Motivating youth to vote

To increase voter turn out amongst youth, MTV Canada and MuchMusic have launched an ad campaign that shows people urinating in various places with the caption “There are other ways to mark your territory. On Oct. 14, vote.”

Although the ad might seem distasteful to many adults, and to some teenagers, it was meant to be funny and to motivate young people to vote.

But do these types of tactics actually work?

To engage young voters, you must appeal to them and try to spark some interest. Using tactics such as showing a person urinating and then telling them to go and vote may have the youth think elections are quite trivial.

But to get youth to vote, you have to make it convenient for them.

At the University of Toronto at Scarborough, polling stations will be nowhere in sight on Election Day. Students living on residence will have to go to a nearby elementary school to cast their ballots and they might not want to go out of their way to choose their next prime minister.

There are many factors as to why the youth may not decide to vote. These days, teens are engaged in many things.

Some go to school and work, whereas others are involved in extra circular activities. With our fast paced world today, many find it hard just to juggle everything, so thinking about elections is the last thing on their minds.

Some youth are just genuinely disinterested.

A lot of young adults today have very little political knowledge. Even with Civics classes in high school where students are taught about civic duty and our electoral processes, very few take an interest in Canadian politics.

Perhaps they think it’s just too dull. When was the last time anyone seen a bunch of high school students discussing who they are going to vote for.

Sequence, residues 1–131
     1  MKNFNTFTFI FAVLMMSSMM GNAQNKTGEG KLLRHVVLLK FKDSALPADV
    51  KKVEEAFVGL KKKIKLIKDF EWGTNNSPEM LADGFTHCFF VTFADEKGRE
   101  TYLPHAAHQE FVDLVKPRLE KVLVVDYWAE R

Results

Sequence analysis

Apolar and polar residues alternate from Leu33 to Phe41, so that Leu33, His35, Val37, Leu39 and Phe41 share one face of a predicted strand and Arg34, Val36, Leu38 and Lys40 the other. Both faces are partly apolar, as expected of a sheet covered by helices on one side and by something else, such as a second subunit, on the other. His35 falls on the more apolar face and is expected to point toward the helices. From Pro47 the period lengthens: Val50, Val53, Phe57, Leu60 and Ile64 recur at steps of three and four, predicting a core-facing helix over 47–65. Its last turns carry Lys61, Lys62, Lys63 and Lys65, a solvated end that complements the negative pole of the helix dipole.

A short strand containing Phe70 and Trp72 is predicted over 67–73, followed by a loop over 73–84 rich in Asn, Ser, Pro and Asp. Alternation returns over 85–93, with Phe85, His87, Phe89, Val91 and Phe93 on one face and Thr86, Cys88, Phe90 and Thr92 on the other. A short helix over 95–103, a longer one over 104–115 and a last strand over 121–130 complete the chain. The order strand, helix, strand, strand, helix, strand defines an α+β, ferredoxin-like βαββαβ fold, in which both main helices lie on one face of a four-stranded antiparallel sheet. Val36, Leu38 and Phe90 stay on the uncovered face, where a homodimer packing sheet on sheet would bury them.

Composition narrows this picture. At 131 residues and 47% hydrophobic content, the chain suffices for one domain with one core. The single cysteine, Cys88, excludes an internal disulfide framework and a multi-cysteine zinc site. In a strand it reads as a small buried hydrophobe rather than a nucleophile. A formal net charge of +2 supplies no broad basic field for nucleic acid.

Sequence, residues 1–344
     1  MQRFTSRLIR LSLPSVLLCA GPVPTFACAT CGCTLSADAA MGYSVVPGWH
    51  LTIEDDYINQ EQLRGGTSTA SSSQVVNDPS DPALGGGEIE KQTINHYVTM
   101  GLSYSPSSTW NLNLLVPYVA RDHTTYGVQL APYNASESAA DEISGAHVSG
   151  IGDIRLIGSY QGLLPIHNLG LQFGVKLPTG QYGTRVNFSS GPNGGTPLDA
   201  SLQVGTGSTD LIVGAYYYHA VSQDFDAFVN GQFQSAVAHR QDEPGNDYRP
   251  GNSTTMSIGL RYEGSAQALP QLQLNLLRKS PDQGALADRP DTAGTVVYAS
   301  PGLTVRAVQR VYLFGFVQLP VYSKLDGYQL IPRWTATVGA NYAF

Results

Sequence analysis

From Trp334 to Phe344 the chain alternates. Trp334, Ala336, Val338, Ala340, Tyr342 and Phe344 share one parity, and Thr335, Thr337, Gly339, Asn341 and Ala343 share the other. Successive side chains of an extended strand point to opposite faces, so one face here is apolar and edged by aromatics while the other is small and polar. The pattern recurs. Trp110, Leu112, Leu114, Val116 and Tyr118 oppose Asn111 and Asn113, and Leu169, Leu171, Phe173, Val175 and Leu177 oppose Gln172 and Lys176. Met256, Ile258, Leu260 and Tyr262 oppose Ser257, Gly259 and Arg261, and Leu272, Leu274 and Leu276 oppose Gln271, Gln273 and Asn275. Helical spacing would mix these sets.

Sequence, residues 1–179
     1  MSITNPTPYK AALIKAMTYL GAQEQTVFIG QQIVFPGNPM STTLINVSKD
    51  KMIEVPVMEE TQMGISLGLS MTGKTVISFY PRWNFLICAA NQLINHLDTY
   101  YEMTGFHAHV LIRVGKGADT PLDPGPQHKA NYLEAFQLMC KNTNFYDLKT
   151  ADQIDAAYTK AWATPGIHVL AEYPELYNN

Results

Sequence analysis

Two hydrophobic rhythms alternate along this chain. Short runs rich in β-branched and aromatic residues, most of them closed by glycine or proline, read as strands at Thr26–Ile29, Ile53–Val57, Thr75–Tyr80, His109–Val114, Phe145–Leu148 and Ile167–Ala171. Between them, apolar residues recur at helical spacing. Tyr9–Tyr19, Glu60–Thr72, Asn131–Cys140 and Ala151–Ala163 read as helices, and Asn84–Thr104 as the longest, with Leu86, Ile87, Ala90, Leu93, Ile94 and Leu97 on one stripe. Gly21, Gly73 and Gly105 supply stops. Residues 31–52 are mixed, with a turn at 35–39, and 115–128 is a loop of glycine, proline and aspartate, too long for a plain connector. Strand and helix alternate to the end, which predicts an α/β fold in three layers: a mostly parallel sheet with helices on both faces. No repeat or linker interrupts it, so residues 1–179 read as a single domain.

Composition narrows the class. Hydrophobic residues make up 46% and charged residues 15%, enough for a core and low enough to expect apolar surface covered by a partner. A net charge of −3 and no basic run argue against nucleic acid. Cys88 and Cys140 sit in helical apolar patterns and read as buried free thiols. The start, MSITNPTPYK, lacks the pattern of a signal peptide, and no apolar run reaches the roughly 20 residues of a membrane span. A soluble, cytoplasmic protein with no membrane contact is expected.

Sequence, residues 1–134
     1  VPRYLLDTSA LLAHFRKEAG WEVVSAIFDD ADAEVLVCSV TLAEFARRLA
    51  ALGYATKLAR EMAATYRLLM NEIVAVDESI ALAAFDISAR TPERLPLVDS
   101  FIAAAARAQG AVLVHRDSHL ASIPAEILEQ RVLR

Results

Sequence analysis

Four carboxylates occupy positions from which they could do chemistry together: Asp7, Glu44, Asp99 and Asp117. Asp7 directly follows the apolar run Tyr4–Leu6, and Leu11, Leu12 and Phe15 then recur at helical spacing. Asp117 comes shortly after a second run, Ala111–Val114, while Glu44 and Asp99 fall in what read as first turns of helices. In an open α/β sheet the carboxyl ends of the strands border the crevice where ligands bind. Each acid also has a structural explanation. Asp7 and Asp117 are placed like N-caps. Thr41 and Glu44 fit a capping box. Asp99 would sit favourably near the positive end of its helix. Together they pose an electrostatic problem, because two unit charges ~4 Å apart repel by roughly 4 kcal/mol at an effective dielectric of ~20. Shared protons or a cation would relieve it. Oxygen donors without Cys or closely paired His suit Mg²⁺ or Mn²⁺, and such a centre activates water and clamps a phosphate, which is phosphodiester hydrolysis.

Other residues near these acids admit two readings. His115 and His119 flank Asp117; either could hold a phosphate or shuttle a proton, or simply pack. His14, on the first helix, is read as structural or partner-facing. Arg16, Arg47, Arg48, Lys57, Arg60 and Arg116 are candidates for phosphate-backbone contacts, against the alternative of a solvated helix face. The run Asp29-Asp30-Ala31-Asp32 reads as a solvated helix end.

They may also feel disconnected.

Many young adults aren’t usually contacted by a party and don’t get a chance to speak to local candidates. When candidates go door to door, usually they ask to speak to the owner of the home.

They usually don’t try to engage youth and ask who they may be voting for. This way, youth may feel that their votes aren’t counted or no one cares if they vote or not.

If you go onto the Elections Canada website, there is a whole section on young voters. It goes through the election basics, who the members of parliament are and also who the candidates are in each riding.

It even has resources that they can read up on so they can acquaint themselves with the electoral processes, how to get involved with the elections and even play interactive word games about the elections.

It’s important that we get our youth interested in voting. After all, they have many years ahead them and it’s better to get them in the habit if voting while they’re young.